SFT Group Project

Category: Education

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Solution-Focused Therapy:

Solution-Focused Therapy Jodi Underhill, Keydra Johnson, Lauren Feeney, and Adrienne Gratz

The Rizzo Family :

The Rizzo Family Lets Focus on building upon the families strengths The fact that the Rizzo’s are all coming in for treatment shows that they want to enhance their relationships and work together. It is important to acknowledge this strength in order to motivate and encourage each family member. The Rizzo’s are using external resources and welcoming help from community resources

Strengths continued… :

Strengths continued… Marco and his father both display an extremely strong work ethic Marco has a very strong loyalty to his father Antonio knows that his son is capable of running the family business Sophia is encouraging to Marco Seems as though they are a close knit family.

Strengths as a Family Unit :

Strengths as a Family Unit How has the family successfully coped with stress, tension and difficult situations in the past? How have the parents ( Antonio and Anna) dealt successfully with difficult situations and how have the subsystems ( Sophia and Marco) done it. It would be important to ask each family member what they believe each others strengths/ positive qualities are, and build upon that.

Solution-Focused Therapy:

Solution-Focused Therapy Solutions Realistic Present “Here and Now” Successful Outcome Rating Scale (0-10) Exceptions Positive Negative Goals Achievable Frequency How often Date/Time Deadline Treatment Plan Contract Mutual Future

Solution vs. Problem :

Solution vs. Problem Solution Main Focus Marco Obtain degree Earn Respect Antonio Retirement Anna Respect Sophia Empowerment Problem Not Main Focus Marco Dropped out Antonio Ownership Hierarchy/Power Anna No Input Sophia Exception

Realistic Goals:

Realistic Goals 1 st Session Positive Rapport Client’s: Perception Beliefs Effect Cope Scaling Questions Communication Identify Strengths Goal Setting Challenging Marco/Antonio Antonio/Anna Sophia/Marco Triangulation Focus/Steps: Positive Relationship Motivation Boundaries


Change-Talk Key theme – seeking difference Found in the beginning of the session Question of difference helps to continue goal development Example: What changes have occurred? How have the changes come about? What do you suppose that needs to be different in your life that will let you know that is was good thing that you came in today?


Solution-Talk C onstructing the future that the client wants. The counselor uses pre-suppositional questions Examples: Miracle Question “I am going to ask you a rather strange question. The strange question is this: After we talk, you will go back to your work (home, school) and you will do whatever you need to do the rest of today, such as taking care of the children, cooking dinner, watching TV, giving the children a bath, and so on. It will become time to go to bed. Everybody in your household is quiet, and you are sleeping in peace. In the middle of the night, a miracle happens and the problem that prompted you to talk to me today is solved! But because this happens while you are sleeping, you have no way of knowing that there was an overnight miracle that solved the problem. So , when you wake up tomorrow morning, what might be the small change that will make you say to yourself, ‘Wow, something must have happened—the problem is gone!’”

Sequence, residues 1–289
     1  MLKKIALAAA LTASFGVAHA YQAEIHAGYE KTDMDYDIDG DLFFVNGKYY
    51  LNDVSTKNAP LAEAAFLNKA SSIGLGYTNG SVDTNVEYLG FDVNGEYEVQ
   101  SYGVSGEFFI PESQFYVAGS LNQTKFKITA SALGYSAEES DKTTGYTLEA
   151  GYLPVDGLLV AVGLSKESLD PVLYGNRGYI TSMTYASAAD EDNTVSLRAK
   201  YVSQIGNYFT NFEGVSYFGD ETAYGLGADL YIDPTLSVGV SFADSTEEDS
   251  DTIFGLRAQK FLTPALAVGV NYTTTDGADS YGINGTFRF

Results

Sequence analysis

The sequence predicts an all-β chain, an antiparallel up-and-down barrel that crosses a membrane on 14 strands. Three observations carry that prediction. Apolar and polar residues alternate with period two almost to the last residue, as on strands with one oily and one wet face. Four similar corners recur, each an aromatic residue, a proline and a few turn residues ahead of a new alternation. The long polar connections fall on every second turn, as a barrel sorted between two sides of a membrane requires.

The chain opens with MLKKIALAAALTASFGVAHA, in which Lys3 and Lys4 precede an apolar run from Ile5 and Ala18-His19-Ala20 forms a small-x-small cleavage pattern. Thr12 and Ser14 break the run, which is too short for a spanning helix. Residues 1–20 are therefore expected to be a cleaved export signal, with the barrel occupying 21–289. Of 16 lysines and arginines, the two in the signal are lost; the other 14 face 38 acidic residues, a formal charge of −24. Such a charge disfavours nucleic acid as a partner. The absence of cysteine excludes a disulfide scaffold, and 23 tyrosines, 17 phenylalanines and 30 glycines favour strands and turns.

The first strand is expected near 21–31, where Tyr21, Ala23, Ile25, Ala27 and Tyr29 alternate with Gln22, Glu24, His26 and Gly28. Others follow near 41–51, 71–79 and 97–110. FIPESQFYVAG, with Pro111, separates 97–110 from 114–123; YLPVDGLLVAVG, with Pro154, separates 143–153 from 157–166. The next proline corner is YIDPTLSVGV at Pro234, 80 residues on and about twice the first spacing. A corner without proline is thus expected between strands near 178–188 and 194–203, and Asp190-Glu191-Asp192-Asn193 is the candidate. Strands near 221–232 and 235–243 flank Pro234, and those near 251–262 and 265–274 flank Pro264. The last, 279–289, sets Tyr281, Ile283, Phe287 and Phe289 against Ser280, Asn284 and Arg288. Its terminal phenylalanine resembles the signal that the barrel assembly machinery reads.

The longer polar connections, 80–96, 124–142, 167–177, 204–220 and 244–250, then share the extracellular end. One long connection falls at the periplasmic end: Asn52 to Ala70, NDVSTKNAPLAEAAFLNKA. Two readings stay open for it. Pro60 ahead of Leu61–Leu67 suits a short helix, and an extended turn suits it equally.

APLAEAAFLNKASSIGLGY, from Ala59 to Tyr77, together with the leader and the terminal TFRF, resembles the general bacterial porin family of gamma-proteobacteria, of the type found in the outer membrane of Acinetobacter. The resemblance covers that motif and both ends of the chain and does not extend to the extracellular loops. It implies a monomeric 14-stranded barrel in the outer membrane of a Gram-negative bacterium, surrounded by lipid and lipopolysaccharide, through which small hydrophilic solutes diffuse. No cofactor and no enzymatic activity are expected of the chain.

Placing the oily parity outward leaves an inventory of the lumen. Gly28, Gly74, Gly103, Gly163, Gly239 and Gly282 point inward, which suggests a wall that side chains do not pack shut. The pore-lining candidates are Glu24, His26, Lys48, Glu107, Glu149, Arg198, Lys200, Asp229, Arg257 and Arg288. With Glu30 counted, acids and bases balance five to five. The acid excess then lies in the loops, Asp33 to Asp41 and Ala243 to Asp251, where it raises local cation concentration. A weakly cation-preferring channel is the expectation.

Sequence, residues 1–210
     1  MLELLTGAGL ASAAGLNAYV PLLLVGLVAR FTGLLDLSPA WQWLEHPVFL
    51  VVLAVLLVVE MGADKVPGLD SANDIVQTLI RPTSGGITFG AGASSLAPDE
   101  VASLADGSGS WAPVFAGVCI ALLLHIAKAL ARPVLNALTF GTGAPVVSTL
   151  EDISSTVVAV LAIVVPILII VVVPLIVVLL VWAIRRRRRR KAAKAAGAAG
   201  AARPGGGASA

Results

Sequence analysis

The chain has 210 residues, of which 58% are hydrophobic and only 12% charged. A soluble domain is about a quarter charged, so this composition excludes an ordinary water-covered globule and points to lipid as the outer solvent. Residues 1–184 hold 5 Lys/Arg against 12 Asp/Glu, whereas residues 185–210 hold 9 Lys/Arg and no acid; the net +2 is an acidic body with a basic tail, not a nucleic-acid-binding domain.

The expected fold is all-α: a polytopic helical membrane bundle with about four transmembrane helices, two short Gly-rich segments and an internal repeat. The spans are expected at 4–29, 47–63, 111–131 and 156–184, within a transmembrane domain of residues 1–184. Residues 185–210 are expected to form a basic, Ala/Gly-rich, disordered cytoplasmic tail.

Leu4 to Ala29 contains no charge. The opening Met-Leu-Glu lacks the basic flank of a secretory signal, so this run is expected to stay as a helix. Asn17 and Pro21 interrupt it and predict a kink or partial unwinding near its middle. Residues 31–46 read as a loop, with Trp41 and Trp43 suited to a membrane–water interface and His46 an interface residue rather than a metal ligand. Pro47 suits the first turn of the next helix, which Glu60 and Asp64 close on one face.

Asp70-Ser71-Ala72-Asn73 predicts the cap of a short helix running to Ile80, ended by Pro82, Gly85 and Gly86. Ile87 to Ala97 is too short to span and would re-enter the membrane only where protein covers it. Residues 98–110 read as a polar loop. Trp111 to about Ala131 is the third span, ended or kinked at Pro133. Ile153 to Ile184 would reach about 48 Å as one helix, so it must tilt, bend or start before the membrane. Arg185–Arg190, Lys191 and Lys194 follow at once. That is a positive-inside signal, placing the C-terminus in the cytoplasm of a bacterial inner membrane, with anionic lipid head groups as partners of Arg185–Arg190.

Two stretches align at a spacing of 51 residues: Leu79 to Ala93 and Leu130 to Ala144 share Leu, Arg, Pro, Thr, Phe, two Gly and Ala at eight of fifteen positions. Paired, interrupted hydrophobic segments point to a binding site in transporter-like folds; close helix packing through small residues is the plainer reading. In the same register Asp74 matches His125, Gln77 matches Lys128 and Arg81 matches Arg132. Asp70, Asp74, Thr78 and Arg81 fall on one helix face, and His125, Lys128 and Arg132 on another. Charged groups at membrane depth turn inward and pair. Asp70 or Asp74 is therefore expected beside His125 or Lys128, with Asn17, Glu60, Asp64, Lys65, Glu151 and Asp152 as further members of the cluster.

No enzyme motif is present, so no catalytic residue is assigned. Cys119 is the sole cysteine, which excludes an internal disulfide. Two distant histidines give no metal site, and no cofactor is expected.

Strategy-Talk This conversation is related to what the client was doing or planning to do about managing the problem This kind of talk is done towards the end of the interview Its includes: Coping questions Multiple choice questions Scaling questions


Procedures 1: Get entire family (including Sophia) to attend family therapy session. 2. After first session, come up with at least one SMART goal (Specific, Measurable, Attainable, Realistic, and Time-conscious) that the Rizzo’s can agree on as a family. 3. Challenge the Rizzo’s to mindfully practice setting boundaries and discuss compromises within the time frame before session #2 (Example- “Mr. Rizzo, have you discussed with your son the option of attending school online?” “Marco, is working at the restaurant, even part-time, something you can see yourself doing in the future?”)


Criteria Is the family willing to work together as a cohesive unit? Can there be a compromise anywhere in the family without sacrificing any individual’s happiness? Which family member will take the lead and which will falter? Is everyone willing to meet somewhere in the middle? If the family answers YES to all of these, we can successfully practice SFT. The difficulties in this case involve the risk of Antonio not willing to explore Marco’s options besides running the family business. (I anticipate Marco, Sophia, and Anna as being more willing to engage in SFT/with challenges).

Effective Interventions:

Effective Interventions Identify who is in need of an intervention. In this case: Marco- struggling with depression Sophia- detached and feeling resentful towards parents Anna- passive Antonio- overbearing and argumentative Without change, Marco is apt to seek treatment for his depressive episodes.

Effective interventions:

Effective interventions The focus is primarily working towards a solution, and not focus directly on the family issues at hand. We will still cover the issues that brought them in, however, it will be brief, since we may not have many sessions available with the entire family. After an agreed 3-4 sessions, if there is no resolution, an intervention will be necessary (Individual sessions, treatment for Marco, teaching Anna techniques on empowerment, follow-up meetings)

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